Despite the phrase “Thomas De Quincey’s classic” above the title of this item, the “story” shares nothing in common with it aside from the point that our hero, supposedly a descendant of De Quincey in early 20th Century San Francisco, partakes of opium. After a big donnybrook on a beach between some Chinese slave girls and sailors, De Quincey (Vincent Price, who also indulges in Poe-like narration that never really clarifies matters) wanders through an Old-West set dressed up with Chinese characters to impersonate Chinatown. He’s been called by an old friend to help bust up the slave trade. He does this first by engaging in mysterioso conversations in which everyone quotes Confucian cookies. Then he spends the whole film tumbling through underground caves and secret passages, getting in and out of cages and having many fights.
Eugene Lourie’s art direction and Joseph Biroc’s camera are the stars here, as every five or ten minutes, some arresting image or twist is presented out of this morass. The stylistic highpoint is a slow-motion setpiece (affected by the opium pipe) alternately scored by total silence or by Albert Glasser’s weird music, which sounds like bongos and theremin. That sequence opens with a beautiful tracking shot that follows a virtually airborne Price bounding out of the den; very shortly, he’ll be flying through the air, or at least falling. By the end of the movie, you can only throw up your hands and call it existential. At the very least, it’s what happens when nascent avant-garde impulses are harnessed to the call of exploitation, and as such worth watching at least once.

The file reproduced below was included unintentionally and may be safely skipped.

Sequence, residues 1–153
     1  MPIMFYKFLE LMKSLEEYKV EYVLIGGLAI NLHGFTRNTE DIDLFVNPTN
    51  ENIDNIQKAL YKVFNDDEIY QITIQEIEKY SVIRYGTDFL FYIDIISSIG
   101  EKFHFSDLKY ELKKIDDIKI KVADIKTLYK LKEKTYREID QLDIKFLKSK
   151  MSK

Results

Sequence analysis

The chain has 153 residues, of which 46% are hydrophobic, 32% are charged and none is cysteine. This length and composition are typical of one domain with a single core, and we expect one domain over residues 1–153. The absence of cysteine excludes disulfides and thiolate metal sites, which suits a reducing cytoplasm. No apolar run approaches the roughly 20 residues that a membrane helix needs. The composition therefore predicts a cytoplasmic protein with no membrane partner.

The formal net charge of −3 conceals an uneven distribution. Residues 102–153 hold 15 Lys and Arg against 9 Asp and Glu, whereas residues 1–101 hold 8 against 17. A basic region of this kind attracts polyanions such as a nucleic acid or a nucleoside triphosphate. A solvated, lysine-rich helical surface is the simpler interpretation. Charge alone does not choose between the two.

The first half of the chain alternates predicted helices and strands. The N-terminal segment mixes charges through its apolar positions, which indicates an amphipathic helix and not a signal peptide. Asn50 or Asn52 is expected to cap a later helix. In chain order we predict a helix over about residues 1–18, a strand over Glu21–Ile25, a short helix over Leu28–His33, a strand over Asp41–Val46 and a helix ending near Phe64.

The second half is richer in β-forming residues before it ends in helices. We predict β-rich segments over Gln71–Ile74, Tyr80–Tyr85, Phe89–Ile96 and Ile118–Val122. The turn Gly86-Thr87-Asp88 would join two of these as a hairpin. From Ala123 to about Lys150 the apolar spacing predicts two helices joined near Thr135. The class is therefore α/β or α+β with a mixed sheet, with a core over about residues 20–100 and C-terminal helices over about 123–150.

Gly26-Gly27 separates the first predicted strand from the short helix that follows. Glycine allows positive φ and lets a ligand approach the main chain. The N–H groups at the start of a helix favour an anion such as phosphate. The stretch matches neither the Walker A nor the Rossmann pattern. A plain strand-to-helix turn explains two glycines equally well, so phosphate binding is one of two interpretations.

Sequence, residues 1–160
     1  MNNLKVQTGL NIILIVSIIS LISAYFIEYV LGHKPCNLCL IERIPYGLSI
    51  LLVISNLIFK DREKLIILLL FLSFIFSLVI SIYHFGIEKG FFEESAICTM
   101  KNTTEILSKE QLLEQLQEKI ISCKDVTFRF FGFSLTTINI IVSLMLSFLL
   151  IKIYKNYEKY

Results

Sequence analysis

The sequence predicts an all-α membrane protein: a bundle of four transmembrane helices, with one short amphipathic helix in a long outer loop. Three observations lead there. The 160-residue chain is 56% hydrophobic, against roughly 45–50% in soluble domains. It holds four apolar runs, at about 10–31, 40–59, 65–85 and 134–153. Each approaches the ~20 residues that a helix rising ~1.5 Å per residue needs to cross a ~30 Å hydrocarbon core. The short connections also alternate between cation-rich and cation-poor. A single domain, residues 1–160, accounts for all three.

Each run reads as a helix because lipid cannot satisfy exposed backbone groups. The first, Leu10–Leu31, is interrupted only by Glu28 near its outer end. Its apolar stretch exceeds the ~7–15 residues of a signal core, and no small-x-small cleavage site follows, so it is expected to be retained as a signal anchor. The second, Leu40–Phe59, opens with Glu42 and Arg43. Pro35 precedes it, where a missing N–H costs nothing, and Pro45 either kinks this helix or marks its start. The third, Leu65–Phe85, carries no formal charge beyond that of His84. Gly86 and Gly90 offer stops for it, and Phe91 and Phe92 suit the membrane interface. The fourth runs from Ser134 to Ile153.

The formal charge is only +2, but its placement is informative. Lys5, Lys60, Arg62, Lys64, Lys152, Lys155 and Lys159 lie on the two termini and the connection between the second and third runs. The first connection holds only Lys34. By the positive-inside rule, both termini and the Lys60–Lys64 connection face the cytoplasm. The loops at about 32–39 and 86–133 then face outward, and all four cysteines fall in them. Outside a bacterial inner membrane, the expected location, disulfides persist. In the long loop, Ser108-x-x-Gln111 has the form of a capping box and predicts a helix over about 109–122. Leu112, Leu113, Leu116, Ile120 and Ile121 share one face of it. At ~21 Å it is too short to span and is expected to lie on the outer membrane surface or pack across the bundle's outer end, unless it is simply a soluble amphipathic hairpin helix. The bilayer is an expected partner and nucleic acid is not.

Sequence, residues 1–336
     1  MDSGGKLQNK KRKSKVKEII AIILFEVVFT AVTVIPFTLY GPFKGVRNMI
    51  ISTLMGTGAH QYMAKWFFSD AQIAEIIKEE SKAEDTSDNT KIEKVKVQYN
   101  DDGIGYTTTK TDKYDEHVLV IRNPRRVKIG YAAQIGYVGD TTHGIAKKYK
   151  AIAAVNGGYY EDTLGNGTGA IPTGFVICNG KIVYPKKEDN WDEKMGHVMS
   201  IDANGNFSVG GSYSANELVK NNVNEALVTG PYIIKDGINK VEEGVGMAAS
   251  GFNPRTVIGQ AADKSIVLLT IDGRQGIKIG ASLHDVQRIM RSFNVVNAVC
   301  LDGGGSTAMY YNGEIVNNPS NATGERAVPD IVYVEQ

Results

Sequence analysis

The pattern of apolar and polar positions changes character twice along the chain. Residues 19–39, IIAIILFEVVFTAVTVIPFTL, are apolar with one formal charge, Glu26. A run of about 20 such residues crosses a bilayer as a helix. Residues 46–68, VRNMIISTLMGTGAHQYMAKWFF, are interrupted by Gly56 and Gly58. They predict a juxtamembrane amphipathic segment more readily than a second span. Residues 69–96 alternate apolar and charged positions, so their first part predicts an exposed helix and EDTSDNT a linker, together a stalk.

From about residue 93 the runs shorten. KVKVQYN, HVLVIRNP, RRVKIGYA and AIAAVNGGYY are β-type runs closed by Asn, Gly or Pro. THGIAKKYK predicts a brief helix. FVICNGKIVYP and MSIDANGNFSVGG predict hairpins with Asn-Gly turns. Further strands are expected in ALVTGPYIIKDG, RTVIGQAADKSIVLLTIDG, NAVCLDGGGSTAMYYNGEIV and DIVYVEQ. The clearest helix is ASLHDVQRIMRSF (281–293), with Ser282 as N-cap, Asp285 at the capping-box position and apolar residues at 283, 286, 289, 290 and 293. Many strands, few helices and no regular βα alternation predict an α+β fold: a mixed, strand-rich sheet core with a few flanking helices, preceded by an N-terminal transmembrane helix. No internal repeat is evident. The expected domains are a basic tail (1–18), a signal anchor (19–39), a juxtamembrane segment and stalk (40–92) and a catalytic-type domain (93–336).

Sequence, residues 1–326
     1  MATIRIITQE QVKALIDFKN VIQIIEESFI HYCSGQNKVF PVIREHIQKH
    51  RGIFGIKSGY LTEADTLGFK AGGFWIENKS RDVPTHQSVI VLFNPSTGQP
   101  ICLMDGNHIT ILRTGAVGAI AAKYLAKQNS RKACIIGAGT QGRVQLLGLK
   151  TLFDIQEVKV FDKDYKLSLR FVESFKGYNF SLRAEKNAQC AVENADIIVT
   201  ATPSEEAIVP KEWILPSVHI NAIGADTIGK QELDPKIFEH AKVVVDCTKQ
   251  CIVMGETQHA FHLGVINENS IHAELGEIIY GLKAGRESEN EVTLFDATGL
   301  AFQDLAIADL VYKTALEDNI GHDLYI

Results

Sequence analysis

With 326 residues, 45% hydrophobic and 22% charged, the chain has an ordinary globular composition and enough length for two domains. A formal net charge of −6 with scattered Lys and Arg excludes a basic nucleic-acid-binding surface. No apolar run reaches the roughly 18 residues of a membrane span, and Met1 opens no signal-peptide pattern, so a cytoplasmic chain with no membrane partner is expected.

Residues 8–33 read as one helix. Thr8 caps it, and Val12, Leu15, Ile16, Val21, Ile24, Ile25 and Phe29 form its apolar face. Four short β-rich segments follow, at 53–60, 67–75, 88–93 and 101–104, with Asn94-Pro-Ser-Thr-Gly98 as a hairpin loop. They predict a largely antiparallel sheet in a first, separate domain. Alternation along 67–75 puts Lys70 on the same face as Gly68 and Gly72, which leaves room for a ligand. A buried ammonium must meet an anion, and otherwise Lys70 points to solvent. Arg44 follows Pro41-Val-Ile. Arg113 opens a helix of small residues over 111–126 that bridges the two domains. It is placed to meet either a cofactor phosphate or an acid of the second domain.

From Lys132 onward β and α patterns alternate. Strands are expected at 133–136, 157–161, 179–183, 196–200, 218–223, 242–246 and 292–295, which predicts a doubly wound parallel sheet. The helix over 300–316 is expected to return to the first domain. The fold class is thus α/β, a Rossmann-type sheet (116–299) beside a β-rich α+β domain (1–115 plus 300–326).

// Moving Pixels
"Our foray into the adventure-game-style version of the Borderlands continues.READ the article